Bat tests positive for rabies in Fremont County

Posted at 3:30 PM, Jul 26, 2018
and last updated 2018-07-26 17:30:54-04

A bat in Fremont County has tested positive for rabies.

The Fremont County Department of Public Health and Environment was notified of the animal last week. It was dropped off at the Humane Society and tested on Friday. The test results came back positive on Wednesday of the following week.

The department does not believe that there was any contact with humans or animals.

The incident serves as a reminder that rabies is fatal in humans if exposed by a bite or scratch from a rabid animal, and not treated. The rabies can spread from an infected animal to a person or pet by a bite or scratch, even if very small or barely noticeable. It can also be spread when saliva from an infected animal gets into open wounds, cuts or enters through membranes of the eyes, nose, or mouth.

For general questions about rabies, call COHELP at 1-877-462-2911, available Monday – Friday from 9 a.m. – 10 p.m. and Saturday and Sunday from 9 a.m. – 5 p.m.

Take these precautions to prevent rabies:

  • Vaccinate your pets against rabies by using a licensed veterinarian. Rabies shots need to be boosted, so check your pet’s records or talk to your veterinarian.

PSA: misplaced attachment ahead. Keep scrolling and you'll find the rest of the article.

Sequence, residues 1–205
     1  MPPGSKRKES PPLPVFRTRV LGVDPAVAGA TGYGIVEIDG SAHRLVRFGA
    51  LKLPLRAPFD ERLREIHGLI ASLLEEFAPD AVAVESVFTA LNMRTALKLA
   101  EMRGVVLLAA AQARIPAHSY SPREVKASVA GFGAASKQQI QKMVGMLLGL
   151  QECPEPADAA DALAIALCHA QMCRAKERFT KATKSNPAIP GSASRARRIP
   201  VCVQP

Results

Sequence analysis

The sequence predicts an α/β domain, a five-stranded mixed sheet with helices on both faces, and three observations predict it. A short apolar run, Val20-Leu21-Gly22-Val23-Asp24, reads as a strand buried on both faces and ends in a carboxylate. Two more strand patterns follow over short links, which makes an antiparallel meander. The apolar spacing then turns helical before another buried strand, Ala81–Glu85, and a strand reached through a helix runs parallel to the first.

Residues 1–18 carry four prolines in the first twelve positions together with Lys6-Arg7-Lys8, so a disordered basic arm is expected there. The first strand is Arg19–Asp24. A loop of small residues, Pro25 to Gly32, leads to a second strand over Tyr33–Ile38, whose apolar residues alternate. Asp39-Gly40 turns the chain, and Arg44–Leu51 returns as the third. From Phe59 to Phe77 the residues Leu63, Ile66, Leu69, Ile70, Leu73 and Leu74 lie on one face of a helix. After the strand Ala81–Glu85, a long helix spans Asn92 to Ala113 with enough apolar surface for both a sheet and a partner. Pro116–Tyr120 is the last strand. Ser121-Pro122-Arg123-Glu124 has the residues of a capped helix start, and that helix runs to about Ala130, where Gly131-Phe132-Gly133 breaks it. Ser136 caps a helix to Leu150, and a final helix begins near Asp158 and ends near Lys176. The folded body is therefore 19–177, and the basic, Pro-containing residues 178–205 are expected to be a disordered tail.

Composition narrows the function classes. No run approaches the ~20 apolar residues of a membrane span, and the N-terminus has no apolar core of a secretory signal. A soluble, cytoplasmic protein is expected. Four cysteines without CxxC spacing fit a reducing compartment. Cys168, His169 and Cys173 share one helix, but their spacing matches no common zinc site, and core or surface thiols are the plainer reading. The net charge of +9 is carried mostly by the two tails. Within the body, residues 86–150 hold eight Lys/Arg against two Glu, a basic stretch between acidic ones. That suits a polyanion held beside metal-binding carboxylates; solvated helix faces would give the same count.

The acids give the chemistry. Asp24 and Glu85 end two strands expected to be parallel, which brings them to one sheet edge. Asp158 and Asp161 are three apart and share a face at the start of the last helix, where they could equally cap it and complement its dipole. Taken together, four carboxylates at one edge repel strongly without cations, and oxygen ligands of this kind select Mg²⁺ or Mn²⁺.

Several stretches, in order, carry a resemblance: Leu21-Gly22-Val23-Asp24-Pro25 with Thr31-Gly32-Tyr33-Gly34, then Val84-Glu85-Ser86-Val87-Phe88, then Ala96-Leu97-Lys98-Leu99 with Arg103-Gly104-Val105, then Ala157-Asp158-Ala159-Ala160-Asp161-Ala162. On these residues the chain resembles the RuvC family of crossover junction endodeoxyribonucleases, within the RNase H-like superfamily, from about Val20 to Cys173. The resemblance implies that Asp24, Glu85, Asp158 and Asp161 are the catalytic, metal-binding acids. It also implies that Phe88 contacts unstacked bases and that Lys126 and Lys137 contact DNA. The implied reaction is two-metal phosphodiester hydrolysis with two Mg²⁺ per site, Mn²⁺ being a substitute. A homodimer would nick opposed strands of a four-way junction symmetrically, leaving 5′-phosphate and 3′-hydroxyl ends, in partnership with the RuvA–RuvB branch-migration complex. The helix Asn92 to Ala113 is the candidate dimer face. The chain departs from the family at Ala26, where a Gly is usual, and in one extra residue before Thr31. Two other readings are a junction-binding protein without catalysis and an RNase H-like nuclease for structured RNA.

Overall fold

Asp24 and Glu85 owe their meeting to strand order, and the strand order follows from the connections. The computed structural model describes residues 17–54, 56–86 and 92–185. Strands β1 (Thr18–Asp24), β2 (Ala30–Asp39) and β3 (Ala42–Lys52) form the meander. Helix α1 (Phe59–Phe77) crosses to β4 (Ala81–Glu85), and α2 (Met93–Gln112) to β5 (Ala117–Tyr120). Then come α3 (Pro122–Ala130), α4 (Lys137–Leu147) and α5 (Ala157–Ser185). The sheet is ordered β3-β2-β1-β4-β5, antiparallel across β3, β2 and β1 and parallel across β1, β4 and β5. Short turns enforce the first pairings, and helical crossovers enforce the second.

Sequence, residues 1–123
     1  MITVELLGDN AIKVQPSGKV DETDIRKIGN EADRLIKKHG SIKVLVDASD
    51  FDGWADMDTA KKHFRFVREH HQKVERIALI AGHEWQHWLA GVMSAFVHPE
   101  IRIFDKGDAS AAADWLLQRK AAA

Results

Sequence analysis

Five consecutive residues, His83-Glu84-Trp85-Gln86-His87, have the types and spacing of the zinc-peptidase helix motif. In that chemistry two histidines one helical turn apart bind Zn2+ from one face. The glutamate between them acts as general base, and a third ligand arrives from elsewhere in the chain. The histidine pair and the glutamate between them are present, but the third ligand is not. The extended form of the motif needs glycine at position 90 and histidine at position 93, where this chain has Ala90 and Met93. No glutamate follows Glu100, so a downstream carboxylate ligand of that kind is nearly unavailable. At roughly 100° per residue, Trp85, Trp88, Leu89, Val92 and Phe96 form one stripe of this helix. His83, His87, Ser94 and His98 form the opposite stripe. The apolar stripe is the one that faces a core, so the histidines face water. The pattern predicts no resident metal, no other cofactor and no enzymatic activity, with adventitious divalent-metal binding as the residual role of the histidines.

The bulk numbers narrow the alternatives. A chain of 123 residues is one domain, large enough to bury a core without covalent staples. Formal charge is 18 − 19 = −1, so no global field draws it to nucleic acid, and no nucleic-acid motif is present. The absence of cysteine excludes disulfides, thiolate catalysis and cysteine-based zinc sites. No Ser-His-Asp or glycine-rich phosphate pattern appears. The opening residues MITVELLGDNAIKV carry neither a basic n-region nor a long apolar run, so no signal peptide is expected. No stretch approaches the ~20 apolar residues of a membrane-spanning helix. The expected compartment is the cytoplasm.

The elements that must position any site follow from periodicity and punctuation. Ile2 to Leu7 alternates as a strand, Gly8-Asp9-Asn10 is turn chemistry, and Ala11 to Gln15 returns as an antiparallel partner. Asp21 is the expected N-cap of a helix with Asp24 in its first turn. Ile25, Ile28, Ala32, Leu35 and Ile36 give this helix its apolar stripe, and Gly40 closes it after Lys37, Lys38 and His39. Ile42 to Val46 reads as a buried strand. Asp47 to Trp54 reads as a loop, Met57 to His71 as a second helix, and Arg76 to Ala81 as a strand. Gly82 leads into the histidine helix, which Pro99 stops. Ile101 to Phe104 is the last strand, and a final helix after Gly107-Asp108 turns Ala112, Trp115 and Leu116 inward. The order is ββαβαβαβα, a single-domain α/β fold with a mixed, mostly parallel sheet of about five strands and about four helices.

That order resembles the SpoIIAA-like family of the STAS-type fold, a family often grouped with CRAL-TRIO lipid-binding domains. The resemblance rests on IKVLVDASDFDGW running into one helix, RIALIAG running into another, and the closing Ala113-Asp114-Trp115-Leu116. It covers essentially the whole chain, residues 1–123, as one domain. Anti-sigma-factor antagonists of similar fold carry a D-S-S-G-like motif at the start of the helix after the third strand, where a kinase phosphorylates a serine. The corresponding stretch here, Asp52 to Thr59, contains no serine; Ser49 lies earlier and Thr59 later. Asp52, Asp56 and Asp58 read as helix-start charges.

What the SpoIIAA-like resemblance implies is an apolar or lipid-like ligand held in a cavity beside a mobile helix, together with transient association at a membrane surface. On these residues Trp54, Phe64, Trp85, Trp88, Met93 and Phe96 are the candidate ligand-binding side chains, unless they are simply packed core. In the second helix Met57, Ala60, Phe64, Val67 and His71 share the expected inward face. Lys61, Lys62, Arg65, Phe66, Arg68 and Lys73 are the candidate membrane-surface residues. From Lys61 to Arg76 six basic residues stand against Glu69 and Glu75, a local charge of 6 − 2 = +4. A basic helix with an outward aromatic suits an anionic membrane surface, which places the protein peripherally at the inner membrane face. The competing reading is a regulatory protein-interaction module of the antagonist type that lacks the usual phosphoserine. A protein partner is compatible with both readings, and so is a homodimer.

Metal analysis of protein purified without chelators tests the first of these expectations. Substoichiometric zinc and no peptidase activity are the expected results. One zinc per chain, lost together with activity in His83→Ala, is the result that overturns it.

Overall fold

• When walking or hiking with your dog, protect them and wildlife by keeping your dog on a leash.
  • Keep cats and other pets inside at night to reduce the risk of exposure to other domestic animals and wildlife. Keep dogs within your sight (in a fenced yard, or on leash) during the day while outside.
  • Contact your veterinarian promptly if you believe your pet has been exposed to a wild animal.
  • Do not touch or feed wild animals. Wild animals like skunks and foxes adapt to residential environments if food is available – please don’t leave pet food outdoors.
  • Contact an animal-control specialist for assistance with "bat-proofing" your home. Information is also available at

How to recognize sick wildlife:

  • Healthy wild animals are normally afraid of humans.Sick animals often do not run away when spotted by people.
  • Wildlife suffering from rabies will often act aggressively and violently approach people or pets.
  • However, sometimes rabid animals are overly quiet and passive and want to hide. If they are hiding, leave them alone. Rabid wildlife might also stumble or have trouble walking.
  • Report sick or diseased animals to the Colorado Parks and Wildlife at (719) 227-5200.